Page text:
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Logo of Phnom Penh Post newspaper Phnom Penh Post - King's mysterious penfriend comes back into play

King's mysterious penfriend comes back into play


King Sihanouk: quoted directly by the mysterious Ruom Ritt.


is pen has been mostly idle for years. But the anti-Thai riots of January 29 seem

to have given a spurt of inspiration to King Norodom Sihanouk's most prolific, mysterious

and regularly caustic correspondent.

His name is Ruom Ritt and he lives somewhere in the Pyrenees in France. Whether or

not he even exists is open to conjecture, with some Royal watchers suggesting his

letters may originate from somewhere closer to the Palace itself. Is Ruom Ritt the

King's alter-ego? Palace officials decline to comment on the question.

The latest edition of the Bulletin Mensuel de Documentation (BMD) - King Sihanouk's

publication compiling official correspondence, copies of press clips with the King's

hand-written annotations and other materials - includes five letters penned by Ruom


In a letter dated January 31, Ritt writes:

"Our strong Thai neighbors are expelling from their country all Cambodian 'illegal

immigrants', of which a large part are comprised of beggars.

"...In Phnom Penh, our regime, in its 'brilliant' and 'Goebbels-esque' propaganda,

always speaks about our 'Angkorean race', our Cambodia 'land of Angkor' (!!).

"A Cambodia 'Angkorean' would rather depict conquering Khmers and not Khmer

beggars hated in neighboring countries.

"I wish that our respected and 'so brilliant' regime [would] endow a little

modesty in its unbridled propaganda.

"And [it] should be shamed to put, as well 'indirectly', our so poor compatriots

under the obligation to return to neighboring countries to beg, attracting as well

infinite contempt from our neighbors on our country and our race."

Ritt writes on February 1 about the government's agreement to compensate Thai interests

for the damage done during the riots. He comments:

"If after such a payment, our government and our national budget are still 'standing',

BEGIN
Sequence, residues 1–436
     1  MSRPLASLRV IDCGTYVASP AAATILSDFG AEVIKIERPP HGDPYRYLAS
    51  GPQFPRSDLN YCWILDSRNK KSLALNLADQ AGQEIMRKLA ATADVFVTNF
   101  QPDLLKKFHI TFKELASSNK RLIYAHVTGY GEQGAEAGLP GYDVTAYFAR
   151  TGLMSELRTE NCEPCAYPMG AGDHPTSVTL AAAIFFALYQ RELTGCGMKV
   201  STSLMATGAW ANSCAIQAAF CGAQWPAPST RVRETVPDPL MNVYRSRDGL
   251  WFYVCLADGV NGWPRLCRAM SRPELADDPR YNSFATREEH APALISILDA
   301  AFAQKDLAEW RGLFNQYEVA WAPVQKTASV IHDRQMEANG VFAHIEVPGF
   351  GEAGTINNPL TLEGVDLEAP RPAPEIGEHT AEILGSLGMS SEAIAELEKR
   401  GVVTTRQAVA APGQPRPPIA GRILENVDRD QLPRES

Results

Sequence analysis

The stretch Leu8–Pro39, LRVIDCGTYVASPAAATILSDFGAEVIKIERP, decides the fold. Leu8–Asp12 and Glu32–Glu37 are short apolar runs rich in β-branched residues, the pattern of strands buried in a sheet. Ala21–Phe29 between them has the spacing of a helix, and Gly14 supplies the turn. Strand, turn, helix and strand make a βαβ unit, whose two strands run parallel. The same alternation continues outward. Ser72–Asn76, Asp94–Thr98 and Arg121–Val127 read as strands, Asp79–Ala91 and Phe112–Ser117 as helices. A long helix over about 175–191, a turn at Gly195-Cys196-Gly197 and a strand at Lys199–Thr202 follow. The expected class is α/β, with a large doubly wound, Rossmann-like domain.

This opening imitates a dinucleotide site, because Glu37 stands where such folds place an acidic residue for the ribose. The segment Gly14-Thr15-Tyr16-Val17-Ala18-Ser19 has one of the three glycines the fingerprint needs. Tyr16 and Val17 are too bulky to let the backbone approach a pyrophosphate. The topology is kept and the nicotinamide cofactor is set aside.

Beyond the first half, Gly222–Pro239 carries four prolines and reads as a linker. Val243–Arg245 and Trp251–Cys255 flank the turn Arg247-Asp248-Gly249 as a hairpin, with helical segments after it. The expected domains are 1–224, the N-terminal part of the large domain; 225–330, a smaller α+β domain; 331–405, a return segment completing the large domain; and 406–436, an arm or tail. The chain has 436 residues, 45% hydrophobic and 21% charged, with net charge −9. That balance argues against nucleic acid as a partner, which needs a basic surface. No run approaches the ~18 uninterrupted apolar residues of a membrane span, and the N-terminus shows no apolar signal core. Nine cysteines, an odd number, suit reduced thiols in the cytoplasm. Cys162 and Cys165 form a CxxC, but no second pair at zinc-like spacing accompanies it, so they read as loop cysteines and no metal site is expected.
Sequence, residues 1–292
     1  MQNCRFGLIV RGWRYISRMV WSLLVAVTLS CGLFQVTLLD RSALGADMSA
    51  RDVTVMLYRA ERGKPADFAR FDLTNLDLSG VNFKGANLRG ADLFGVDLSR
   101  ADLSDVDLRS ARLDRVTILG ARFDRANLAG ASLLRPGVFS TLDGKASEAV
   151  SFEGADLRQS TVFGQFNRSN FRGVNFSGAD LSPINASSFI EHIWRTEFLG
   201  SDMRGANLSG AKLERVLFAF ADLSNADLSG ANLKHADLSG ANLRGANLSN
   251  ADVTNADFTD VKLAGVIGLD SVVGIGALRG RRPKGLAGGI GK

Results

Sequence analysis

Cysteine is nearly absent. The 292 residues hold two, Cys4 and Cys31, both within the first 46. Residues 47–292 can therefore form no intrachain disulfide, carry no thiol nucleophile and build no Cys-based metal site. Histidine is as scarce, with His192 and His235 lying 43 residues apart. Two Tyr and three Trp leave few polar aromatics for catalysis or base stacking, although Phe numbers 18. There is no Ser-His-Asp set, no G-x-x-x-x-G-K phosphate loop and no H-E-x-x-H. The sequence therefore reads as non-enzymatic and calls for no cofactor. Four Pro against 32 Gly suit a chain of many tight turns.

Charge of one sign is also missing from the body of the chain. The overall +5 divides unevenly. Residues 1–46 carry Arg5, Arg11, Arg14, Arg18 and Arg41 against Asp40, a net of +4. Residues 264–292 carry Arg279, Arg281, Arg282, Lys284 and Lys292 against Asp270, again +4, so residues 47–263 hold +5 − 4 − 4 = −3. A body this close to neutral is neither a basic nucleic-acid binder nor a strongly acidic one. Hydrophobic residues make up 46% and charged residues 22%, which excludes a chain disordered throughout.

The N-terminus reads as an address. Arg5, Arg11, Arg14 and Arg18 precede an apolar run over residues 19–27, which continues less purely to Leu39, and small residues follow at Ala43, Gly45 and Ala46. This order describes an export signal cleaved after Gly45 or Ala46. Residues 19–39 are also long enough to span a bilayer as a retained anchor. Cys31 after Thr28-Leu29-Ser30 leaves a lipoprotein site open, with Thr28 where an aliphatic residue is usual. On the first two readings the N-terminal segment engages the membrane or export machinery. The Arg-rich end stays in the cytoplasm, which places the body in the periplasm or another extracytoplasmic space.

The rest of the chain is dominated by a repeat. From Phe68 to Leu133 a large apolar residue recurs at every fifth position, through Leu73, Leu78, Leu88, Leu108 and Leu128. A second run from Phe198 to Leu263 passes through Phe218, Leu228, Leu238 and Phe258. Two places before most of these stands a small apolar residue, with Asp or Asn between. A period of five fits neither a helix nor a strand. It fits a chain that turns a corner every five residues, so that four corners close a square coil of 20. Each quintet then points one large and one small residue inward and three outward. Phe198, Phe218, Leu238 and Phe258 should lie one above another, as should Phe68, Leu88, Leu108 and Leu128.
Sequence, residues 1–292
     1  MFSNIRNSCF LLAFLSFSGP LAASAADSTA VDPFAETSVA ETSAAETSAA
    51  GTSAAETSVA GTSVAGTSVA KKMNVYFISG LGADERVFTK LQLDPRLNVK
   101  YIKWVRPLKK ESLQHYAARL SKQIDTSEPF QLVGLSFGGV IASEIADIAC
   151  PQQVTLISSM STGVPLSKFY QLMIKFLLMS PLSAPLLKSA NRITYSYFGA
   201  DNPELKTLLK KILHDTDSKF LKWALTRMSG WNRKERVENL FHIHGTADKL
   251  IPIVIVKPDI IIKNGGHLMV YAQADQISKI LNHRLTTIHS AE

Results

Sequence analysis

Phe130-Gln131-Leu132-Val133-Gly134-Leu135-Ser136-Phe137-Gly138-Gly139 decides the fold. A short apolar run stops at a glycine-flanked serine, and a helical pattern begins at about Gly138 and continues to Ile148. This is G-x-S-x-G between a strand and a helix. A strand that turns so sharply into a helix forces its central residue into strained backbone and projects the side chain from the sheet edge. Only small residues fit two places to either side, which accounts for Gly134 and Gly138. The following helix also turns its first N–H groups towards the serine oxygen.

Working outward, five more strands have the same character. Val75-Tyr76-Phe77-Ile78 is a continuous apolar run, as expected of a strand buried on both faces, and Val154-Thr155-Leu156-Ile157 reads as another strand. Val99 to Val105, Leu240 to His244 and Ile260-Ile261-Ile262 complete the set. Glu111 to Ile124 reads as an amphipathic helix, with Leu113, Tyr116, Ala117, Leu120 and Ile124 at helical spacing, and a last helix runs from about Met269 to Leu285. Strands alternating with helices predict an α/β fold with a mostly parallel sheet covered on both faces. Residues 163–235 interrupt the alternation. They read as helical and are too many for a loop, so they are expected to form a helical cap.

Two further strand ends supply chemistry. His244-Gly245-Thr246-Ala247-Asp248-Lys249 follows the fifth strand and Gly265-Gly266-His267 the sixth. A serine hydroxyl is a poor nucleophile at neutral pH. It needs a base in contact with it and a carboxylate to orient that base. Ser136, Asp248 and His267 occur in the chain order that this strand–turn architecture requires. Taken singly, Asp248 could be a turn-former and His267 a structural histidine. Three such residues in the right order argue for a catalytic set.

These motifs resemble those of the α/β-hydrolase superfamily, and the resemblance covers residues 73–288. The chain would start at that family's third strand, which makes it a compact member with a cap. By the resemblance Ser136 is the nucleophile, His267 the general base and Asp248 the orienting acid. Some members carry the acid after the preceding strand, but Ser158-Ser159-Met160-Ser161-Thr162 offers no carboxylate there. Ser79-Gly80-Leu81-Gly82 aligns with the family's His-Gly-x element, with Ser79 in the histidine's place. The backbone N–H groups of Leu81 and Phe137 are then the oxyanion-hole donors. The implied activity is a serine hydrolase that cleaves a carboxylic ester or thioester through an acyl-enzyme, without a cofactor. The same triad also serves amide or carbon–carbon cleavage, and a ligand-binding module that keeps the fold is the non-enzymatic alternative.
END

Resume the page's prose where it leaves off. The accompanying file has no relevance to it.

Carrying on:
this will be thanks to the generosity of some fabulously rich habitual 'donors'.

"To avoid national ruin, let's count on these respected 'donors'!"

On February 2, Ritt writes about how close Thailand came to sending in armed forces

after the riots. He includes a copy of a February 1 article from the Nation in Bangkok,

noting that His Majesty no doubt has a copy of the same press clip.

February 3 Ritt is back again on what war would have meant, writing:

"Today, the entire world, with the exception of our little, local 'Goebbels'

(Khmers), see clearly that Cambodia (the Second Kingdom) is more fragile than ever."

He wonders what the reaction would have been from the "strong and invincible"

Vietnam. Would they have stood by "with arms crossed" to help this "'gastronomic

special': the Thai 'boa' strangling the Khmer 'rabbit'? Or would they intervene in

Cambodia to, so-called, save it 'once again'?" Ritt writes that such a scenario

would leave Cambodia "practically dead".

"Let's hope that we will only have a nightmare without any possibility of it

manifesting itself into a mortal reality for our country," he concludes.

His last letter, dated February 4, shows what good sources Ritt has within the Palace

as he quotes the King directly. In response to a visit by Sam Rainsy at which the

delegation noted how many Royal medals were being awarded to senior dignitaries,

King Sihanouk is quoted as saying:

"Excellencies, I pardon you more freely than myself, seeing the inflation and,

by consequence, the effective devaluation ... of Royal decorations ... I have renounced

since many years already to wear, as well as at the most important ceremonies ...

our decorations... La plaque de Grand Croix de l'Ordre Royal du Cambodge, I call

it 'the casserole'."

It remains unclear why Ruom Ritt's pen was silent for so long. In any event, he is




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